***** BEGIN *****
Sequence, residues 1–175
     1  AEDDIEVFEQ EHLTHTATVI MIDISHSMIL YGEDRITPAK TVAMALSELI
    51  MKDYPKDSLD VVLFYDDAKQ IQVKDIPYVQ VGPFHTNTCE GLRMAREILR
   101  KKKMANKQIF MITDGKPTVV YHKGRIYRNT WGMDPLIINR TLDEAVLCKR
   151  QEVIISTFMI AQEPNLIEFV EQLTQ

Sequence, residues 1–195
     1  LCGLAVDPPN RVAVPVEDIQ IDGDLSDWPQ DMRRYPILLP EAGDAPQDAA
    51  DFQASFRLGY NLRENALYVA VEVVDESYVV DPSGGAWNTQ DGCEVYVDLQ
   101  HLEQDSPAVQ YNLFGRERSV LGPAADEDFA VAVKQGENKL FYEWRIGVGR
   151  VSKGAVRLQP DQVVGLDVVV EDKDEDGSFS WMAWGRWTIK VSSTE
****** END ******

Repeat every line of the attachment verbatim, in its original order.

Sequence, residues 1–175
     1  AEDDIEVFEQ EHLTHTATVI MIDISHSMIL YGEDRITPAK TVAMALSELI
    51  MKDYPKDSLD VVLFYDDAKQ IQVKDIPYVQ VGPFHTNTCE GLRMAREILR
   101  KKKMANKQIF MITDGKPTVV YHKGRIYRNT WGMDPLIINR TLDEAVLCKR
   151  QEVIISTFMI AQEPNLIEFV EQLTQ

Sequence, residues 1–195
     1  LCGLAVDPPN RVAVPVEDIQ IDGDLSDWPQ DMRRYPILLP EAGDAPQDAA
    51  DFQASFRLGY NLRENALYVA VEVVDESYVV DPSGGAWNTQ DGCEVYVDLQ
   101  HLEQDSPAVQ YNLFGRERSV LGPAADEDFA VAVKQGENKL FYEWRIGVGR
   151  VSKGAVRLQP DQVVGLDVVV EDKDEDGSFS WMAWGRWTIK VSSTE